Posted by Shae on June 24, 2003
In Reply to: NEWS posted by Bob on June 24, 2003
: : Need to verify .
: : The word, term 'news', was it derived from court jesters announcing, "tidings from the North- East - West and South. ?
: No. Just the reports of items that are new.
: People love to invent "folk etymologies," fanciful derivations of words, particularly if they can "invent" an acronym after the fact that seems plausible. News, golf, posh, and many other words have been "explained" by such inventions. It's sometimes difficult to separate fact from fiction here, because there have, indeed, been many words created from acronyms, such as "radar."
From the archives:
: It's a word that dates back to the 1400's, and derives from the word new, as in new information. No, it is NOT an acronym for North East West South, a folk etymology with no basis in fact.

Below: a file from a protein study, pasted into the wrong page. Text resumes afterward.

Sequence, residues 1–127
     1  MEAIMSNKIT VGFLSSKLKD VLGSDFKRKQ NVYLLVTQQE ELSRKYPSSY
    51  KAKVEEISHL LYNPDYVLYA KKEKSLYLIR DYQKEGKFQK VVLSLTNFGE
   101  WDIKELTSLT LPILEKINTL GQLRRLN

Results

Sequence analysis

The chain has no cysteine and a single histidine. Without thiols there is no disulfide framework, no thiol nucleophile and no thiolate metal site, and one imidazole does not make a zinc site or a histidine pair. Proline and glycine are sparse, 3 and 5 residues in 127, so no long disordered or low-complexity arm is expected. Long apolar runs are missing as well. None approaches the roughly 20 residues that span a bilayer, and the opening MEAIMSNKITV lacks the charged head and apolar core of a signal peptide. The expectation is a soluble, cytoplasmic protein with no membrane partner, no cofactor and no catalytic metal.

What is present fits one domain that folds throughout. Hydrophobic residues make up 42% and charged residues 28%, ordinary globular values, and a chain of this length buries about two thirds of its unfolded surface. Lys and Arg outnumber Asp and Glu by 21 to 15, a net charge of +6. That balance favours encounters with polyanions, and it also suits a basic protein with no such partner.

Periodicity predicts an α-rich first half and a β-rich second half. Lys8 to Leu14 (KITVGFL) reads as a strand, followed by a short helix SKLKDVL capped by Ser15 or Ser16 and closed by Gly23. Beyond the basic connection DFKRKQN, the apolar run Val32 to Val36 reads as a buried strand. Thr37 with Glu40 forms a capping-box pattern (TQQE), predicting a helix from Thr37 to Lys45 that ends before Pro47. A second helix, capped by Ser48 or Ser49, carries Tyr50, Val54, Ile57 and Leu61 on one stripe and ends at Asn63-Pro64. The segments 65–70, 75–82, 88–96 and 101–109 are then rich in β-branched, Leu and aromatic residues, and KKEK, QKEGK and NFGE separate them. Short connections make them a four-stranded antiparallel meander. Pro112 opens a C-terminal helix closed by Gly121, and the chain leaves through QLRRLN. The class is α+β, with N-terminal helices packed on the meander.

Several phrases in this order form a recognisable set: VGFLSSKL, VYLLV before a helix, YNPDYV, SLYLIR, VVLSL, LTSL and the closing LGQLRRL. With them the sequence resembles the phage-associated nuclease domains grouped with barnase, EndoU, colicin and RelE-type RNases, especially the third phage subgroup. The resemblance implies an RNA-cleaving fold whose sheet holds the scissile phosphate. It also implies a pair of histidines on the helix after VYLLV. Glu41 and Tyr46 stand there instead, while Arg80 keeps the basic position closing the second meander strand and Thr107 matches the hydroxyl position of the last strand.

Right you are. "...'News is conveyed by letter, word or mouth; And comes to us from North, East, West and South.' Contrary to the old rhyme above, which helped popularize the myth, the word 'news' wasn't coined from the first letters of the points of the compass. The word was originally spelled 'newes' and derives from the Old English word 'niwes,' meaning 'new.' The legend possibly originated with old newspapers printing a replica of the globe with compass points in their masthead. But the word is much older than the earliest newspapers." From "Encyclopedia of Word and Phrase Origins" by Robert Hendrickson (Fact on File, New York, 1997).